Watching the Hook Angle

Lefty provides a tip angler Bill Bishop shared with him after learning the hard way:

Bill Bishop, in my opinion, is one of the finest fly-rod tarpon anglers, and Capt. Tommy Locke is a legend on the west coast of Florida. Bill e-mailed me this after a recent outing, and I found it interesting: “Tommy Locke and I just finished six days of tarpon fishing together and had a blast. We were putting the finishing touches on a nice fish that we estimated at around 120 pounds or so. We had her beat but couldn’t get the right angle to grab her bottom jaw. She was beat, and her last effort to swim took her only 20 feet out, where she floated up on her side with her head facing the skiff. Tommy told me to watch the hook angle. I understood exactly what he meant but still felt like I could put enough pressure on her to slide her boat-side. The fly popped out, and she lumbered off. During the fight, we had been pulling away or back from the direction she was moving, and I can only imagine the hole that had developed as a result.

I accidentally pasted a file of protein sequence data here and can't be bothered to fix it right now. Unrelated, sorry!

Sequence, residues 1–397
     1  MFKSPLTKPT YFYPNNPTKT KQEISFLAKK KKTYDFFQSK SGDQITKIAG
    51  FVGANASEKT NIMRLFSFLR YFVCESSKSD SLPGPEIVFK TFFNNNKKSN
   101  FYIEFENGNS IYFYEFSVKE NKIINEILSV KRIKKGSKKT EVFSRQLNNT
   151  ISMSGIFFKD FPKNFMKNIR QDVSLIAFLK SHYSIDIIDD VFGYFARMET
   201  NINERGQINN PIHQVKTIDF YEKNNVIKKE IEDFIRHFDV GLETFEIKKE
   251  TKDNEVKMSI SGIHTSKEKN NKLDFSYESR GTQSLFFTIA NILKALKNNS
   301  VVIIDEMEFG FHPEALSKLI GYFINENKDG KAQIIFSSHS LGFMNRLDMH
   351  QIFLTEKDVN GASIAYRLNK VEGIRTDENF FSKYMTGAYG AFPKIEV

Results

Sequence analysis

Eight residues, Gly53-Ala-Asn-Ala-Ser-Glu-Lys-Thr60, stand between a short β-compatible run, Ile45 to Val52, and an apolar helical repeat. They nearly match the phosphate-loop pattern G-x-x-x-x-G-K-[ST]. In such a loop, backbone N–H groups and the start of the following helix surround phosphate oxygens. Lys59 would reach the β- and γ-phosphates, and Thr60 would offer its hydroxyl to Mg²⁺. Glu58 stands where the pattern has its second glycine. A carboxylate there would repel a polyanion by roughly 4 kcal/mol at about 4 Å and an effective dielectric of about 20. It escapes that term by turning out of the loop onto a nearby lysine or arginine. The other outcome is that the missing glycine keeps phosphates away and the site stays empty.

“Also, the hook was cantered. I’ve removed many hooks from fish and often am amazed how easy they can be removed by pulling the hook point backward. Losing this fish wasn’t a big deal, but it might have been for some anglers. All we had to do to get this fish to the boat was either move the skiff to change the angle of direction or pole over to her and grab her jaw.”